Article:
Update, 20150127: Paul Khuong pointed me to
his Scheme monad implementation
this twitter conversation.
It doesn’t have dynamic-dispatch for automatically determining the
appropriate bind implementation, but I suspect it could be added;
perhaps in his join operator, which makes an interesting contrast to
the technique explored in this post. The really nice thing about the
delimited continuation approach to monads is that the return is
implicit. You never mention return explicitly in monadic code.
That makes a big difference, because return-type polymorphism is only
needed to handle explicit returns! By placing the return right
next to the appropriate run operation, the delimited continuation
technique neatly sidesteps the problem.
Haskell’s return is generic: it injects a value into any monad at
all. Which specific monad is used depends on the context. This is
impossible to directly implement in general without static analysis.
Lacking such static analyses in dynamically-typed languages, achieving
the equivalent of Haskell’s return is challenging, even though
implementing particular monomorphic variations is straightforward.
The trick is to make return produce a kind of superposition which
doesn’t collapse to a specific monad type until it touches a monad
that already knows what type it is.
In this post, I’ve shown how this kind of monad “coercion” works well
to give the kind of return-type polymorphism we need to make monads
feel in Racket similar to the way they do in Haskell.
No implementations are given for their failer and
returner methods, since they are only quasi-monad classes, and
it’s not possible for user code to ever be in the Fail or Bind
“Giving a professional illustrator a goal for a poster usually
results in what was desired. If one tries this with an artist, one
will get what the artist needed to create that day. Sometimes we
make, to have, sometimes to know and express.” — Alan Kay
I want to set up Postfix SMTP authentication so I have two different
passwords to authenticate with: one main one that gives me access to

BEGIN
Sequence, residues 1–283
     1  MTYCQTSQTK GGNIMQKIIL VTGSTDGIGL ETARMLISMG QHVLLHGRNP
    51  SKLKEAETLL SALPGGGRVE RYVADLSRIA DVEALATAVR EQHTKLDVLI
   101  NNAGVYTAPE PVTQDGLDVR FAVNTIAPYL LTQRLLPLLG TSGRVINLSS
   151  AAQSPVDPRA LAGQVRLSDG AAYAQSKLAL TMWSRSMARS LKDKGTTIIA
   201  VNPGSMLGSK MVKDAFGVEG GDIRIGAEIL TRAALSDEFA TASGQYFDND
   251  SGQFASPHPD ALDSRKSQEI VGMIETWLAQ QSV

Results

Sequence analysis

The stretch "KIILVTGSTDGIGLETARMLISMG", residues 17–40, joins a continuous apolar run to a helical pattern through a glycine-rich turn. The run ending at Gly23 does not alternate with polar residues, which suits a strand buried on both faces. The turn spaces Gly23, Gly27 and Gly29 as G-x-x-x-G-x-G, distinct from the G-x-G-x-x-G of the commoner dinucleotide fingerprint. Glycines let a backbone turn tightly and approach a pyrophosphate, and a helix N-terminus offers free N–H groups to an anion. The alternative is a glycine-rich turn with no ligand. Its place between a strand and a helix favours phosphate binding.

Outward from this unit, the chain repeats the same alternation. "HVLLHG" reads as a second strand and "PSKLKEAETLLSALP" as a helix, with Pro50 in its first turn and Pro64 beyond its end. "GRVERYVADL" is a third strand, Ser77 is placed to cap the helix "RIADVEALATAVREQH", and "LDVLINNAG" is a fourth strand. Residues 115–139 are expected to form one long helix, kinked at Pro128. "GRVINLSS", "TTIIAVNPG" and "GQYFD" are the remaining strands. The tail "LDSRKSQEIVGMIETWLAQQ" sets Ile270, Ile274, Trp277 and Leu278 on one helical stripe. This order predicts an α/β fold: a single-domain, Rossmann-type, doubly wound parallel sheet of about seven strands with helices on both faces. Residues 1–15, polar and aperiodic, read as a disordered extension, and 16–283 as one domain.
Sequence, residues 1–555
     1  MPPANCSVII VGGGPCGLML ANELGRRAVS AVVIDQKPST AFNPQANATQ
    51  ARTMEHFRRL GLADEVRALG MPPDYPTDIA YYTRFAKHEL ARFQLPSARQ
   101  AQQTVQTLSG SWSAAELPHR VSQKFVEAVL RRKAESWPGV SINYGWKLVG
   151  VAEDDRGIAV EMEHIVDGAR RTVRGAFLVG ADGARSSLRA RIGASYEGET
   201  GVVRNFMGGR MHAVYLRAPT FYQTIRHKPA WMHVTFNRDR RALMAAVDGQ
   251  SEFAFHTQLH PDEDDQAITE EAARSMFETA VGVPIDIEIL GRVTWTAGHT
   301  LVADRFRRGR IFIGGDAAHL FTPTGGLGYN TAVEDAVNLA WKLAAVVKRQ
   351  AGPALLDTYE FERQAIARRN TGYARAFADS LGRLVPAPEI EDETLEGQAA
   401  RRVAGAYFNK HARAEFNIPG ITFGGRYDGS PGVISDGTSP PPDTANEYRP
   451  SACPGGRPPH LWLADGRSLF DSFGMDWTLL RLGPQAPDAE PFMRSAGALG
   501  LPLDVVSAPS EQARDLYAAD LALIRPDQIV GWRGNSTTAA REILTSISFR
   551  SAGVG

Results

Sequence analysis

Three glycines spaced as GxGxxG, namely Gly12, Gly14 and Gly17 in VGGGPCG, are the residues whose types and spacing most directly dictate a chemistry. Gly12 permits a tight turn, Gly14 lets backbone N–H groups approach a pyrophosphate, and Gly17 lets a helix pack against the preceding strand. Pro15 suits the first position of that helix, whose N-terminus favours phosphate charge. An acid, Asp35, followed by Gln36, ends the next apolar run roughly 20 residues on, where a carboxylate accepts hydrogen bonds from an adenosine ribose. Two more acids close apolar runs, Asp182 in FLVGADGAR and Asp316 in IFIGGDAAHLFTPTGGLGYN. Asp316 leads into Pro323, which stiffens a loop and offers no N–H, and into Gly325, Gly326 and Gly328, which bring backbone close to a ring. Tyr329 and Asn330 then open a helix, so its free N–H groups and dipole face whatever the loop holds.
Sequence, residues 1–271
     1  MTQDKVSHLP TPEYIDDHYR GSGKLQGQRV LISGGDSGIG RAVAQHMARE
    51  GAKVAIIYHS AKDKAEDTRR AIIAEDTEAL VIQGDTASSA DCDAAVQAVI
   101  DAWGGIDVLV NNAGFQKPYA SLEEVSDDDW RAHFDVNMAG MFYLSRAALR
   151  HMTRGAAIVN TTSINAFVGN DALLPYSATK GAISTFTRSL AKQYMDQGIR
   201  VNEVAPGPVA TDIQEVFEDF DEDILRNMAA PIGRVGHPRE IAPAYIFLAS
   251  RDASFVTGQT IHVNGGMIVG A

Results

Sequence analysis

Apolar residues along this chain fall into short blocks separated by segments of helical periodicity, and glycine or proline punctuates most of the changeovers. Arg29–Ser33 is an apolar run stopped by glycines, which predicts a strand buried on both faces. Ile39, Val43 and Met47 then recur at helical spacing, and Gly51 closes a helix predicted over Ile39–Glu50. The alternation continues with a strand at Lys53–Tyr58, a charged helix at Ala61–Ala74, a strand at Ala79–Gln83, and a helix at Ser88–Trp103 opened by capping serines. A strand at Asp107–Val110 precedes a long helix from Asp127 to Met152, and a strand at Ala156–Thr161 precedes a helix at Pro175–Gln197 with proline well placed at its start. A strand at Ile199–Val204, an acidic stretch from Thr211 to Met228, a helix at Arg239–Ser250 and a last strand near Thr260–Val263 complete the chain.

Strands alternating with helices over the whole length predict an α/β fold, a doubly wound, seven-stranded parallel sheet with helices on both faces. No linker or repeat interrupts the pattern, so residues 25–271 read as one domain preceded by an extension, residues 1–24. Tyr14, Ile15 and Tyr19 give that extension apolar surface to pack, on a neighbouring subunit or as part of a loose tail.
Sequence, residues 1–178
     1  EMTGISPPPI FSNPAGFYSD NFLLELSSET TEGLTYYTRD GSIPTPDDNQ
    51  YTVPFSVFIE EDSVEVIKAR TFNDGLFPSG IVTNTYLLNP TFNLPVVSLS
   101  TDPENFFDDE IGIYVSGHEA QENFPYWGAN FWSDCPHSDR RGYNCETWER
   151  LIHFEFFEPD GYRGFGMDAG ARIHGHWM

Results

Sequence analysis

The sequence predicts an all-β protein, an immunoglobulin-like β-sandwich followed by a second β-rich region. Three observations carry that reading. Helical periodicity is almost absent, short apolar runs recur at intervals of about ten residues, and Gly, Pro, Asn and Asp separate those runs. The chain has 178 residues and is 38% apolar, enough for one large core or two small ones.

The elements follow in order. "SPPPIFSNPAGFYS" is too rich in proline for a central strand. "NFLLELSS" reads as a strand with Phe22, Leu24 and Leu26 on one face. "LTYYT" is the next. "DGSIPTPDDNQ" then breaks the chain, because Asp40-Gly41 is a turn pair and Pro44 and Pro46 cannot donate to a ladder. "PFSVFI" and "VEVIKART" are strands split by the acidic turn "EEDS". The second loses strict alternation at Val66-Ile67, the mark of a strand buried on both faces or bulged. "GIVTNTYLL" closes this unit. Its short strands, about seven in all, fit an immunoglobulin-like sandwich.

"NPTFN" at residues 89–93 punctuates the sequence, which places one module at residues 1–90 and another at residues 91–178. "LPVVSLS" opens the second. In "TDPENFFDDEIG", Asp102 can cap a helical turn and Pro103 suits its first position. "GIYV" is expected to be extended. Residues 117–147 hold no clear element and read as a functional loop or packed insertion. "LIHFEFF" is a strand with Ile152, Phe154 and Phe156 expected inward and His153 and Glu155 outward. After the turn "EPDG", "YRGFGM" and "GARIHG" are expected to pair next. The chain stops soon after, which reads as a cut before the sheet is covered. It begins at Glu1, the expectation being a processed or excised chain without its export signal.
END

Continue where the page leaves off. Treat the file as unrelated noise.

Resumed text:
both SMTP and IMAP, for my own use with trusted clients, and a
separate one that gives me the ability to send messages via SMTP
only, and that will not work for IMAP.
The reason is that gmail will not let me send mail as an auxiliary
mail identity through its own SMTP servers anymore, and requires a
username and password to authenticate itself to my own SMTP servers.
Since I’m unhappy giving gmail my main email password, I decided a
second gmail-specific password would be a good idea.
This turns out to be difficult.
Postfix will authenticate either against Dovecot, or using Cyrus-SASL.
Cyrus-SASL can talk to a number of things, and one of them is a SQL
database, but it won’t let you use crypt for the passwords stored
in the database. That’s a showstopper there. The other alternative is
to back Cyrus-SASL with PAM, but that involves figuring out PAM.
Painful, and another link in the (already long) chain:
Postfix → Cyrus-SASL → PAM → Database.
I’ve asked on the Freenode #cyrus channel about the possibility of
getting a patch for crypted SQL-database passwords accepted, but no
There are a couple of patches out there that get close to what I want;
the best (but still not quite right) is this
one. It needs work to support other crypt
schemes and to extract salt properly.
Perhaps I will give in and learn how to configure PAM…
Update: At the suggestion of the kind people on #cyrus, I’ve
decided instead to set up a separate account on my email server for
gmail to log into, and simply forward any mail that’s delivered there
(by accident, presumably) to my main account.
Network programming wasn’t so hard to get a basic socket listener up
Streams are horribly broken though. No clean separation of encoding
from binary I/O. Swank vs raw Slime streams differ, which led to some
interesting issues when experimenting with my I/O code
interactively. flexi-streams help take away some of the pain, but it’s
still pretty awful.
The loop macro is neat. Feels like comprehensions. Comprehensions are
pleasant in Erlang and Haskell, and I remember enjoying SRFI-42, but
Racket misses them1.
The lack of proper tail recursion is HORRIBLE. Forces some very nasty
code. E.g. the tagbody thing.
That everything-is-an-object is GREAT. I wish Racket had this.
Racket’s match is awesome. Totally awesome. Common-lisp pattern
matching is in PARLOUS state. There’s nothing remotely close to as
nice as Racket’s match. There is no common standard.
Exceptions on end-of-stream simplify the programming of network
2011-10-19 08:06:10 tonyg
The multiple-values implementation is kind of nice, especially in
those places where it enables subtle design touches like using floor
to get both quotient and remainder at once. That particular example
appeals to me also for its mnemonicity: using truncate instead of
floor gives you the other variant2.
It seems clear to me today that I had
been overlooking Racket’s for, for/list, for/hash
etc. I’d still
like to see something more general that abstracts away from the
variations in these, though. ↩